Saturday, December 18, 2010

Film Review: BLACK DEATH (2010)

Black Death
Written by Dario Poloni
Directed by Christopher Smith

And our journey through the films of Christopher Smith comes to an end (for now), with his latest, Black Death.  This is a bit of a departure for Smith, as not only is it the first of his films that isn't straight horror, it's also the first time he's working from someone else's script.

As such, it doesn't demonstrate the leap in creative growth that we've seen through the course of his previous films (Creep (2004), Severance (2006), and Triangle (2009)), but it's still a sure-handed piece of work that lives up to its full potential.

For the uninitiated, Black Death is set during the late 14th Century during the height of the Bubonic Plague in England.  A young monk, Osmund (Eddie Redmayne) is struggling with his love of a young lady, Averill (Kimberley Nixon) and his duties to the monastery.  In order to save her from the spread of the disease, Osmund sends her away from the city, where she promises to wait for him in the nearby forest for a week.  If he doesn't decide to leave the monastery by then, he'll never see her again.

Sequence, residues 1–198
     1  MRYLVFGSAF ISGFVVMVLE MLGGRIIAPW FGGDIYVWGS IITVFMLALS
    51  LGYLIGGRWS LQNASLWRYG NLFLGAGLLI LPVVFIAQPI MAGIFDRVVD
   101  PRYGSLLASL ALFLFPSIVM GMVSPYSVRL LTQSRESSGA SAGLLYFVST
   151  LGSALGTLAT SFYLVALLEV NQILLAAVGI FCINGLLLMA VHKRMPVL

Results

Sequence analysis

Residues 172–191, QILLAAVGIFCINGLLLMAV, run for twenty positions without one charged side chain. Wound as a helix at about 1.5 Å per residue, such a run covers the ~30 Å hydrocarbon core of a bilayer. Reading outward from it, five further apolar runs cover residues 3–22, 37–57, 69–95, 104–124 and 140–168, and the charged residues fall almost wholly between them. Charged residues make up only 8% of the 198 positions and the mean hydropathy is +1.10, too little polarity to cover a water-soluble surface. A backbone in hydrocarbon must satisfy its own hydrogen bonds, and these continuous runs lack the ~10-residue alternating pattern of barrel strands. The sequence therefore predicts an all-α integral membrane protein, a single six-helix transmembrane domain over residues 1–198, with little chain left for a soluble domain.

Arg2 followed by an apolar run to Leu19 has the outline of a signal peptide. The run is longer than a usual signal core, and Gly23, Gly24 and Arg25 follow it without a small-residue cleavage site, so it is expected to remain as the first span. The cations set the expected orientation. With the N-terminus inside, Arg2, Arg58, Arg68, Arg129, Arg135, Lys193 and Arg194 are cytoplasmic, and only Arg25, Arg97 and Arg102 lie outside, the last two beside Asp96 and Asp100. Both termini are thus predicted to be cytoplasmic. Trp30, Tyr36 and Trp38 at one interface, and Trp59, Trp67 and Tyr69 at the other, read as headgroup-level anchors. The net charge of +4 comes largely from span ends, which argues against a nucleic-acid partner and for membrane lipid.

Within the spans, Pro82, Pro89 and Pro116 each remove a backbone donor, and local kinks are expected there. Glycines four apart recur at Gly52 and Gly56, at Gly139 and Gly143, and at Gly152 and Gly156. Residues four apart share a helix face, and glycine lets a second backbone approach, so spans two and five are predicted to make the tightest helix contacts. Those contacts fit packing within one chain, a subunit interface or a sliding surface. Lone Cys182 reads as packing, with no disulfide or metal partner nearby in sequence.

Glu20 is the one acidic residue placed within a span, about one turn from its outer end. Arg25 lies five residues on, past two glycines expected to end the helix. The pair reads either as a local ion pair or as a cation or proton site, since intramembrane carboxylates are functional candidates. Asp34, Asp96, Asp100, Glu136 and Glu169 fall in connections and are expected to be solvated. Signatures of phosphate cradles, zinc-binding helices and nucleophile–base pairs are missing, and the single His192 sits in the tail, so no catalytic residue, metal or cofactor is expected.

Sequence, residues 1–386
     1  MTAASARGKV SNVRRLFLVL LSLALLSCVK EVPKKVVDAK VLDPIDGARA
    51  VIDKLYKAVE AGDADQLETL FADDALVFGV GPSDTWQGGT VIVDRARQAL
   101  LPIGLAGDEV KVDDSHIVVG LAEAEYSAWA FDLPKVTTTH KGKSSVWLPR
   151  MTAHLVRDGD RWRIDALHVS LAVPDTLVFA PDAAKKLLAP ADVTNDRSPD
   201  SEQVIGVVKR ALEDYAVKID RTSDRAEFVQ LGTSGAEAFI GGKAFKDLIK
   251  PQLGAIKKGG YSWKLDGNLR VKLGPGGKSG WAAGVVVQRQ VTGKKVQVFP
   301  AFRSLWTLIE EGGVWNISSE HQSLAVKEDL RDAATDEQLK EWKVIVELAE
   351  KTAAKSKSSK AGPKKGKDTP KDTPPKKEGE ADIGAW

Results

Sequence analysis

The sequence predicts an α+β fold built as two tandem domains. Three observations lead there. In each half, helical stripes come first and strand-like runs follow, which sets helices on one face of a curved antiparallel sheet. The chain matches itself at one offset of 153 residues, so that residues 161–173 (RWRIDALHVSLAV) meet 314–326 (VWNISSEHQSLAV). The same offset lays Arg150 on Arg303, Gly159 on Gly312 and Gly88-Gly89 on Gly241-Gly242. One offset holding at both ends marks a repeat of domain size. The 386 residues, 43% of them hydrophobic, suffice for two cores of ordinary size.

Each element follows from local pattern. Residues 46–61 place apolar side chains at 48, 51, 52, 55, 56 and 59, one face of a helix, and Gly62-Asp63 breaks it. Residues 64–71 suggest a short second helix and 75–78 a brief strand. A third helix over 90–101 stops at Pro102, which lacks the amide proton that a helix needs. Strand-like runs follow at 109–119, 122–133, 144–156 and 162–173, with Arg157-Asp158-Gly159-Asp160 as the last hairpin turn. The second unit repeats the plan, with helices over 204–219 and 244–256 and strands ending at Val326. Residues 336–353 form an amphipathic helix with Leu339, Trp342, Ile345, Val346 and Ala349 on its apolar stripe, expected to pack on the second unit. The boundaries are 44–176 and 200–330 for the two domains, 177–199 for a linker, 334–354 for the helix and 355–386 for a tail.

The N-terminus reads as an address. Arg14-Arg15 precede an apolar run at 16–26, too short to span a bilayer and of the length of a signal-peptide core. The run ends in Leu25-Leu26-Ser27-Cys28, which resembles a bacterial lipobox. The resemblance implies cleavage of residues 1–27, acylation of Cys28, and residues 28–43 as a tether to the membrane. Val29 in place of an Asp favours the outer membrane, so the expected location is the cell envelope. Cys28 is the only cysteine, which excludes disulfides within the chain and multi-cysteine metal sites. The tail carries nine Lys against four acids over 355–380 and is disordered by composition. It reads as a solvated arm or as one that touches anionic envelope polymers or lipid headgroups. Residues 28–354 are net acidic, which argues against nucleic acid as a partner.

After praying for a sign from God to help him make his decision, Ulric (Sean Bean) arrives.  Ulric has been tasked with investigating a local village where it is rumored that the dead walk the earth and the plague has not struck, all thanks to the villagers' pact with the Devil.  As this village is very near where Averill is waiting, Osmund takes this as his sign and volunteers to lead Ulric and his motley band to the village.

Spoilers Ahead!

I wasn't sure what to expect going into this film.  The reviews I'd seen hadn't been glowing, although I didn't read anything really bad.  I was pretty sure we were going to be dealing with a supernatural threat, and quite possibly medieval zombie action.

But that's not the case.

And it's all the better because of it.

What we get instead is a well-written, well-acted, and well-directed action film that avoids easy answers and actually lets character and plotting take the forefront, rather than extended action sequences (Neil Marshall's Centurion, I'm looking at you!).  It doesn't hurt that we have Sean Bean sharing the lead with the young Eddie Redmayne.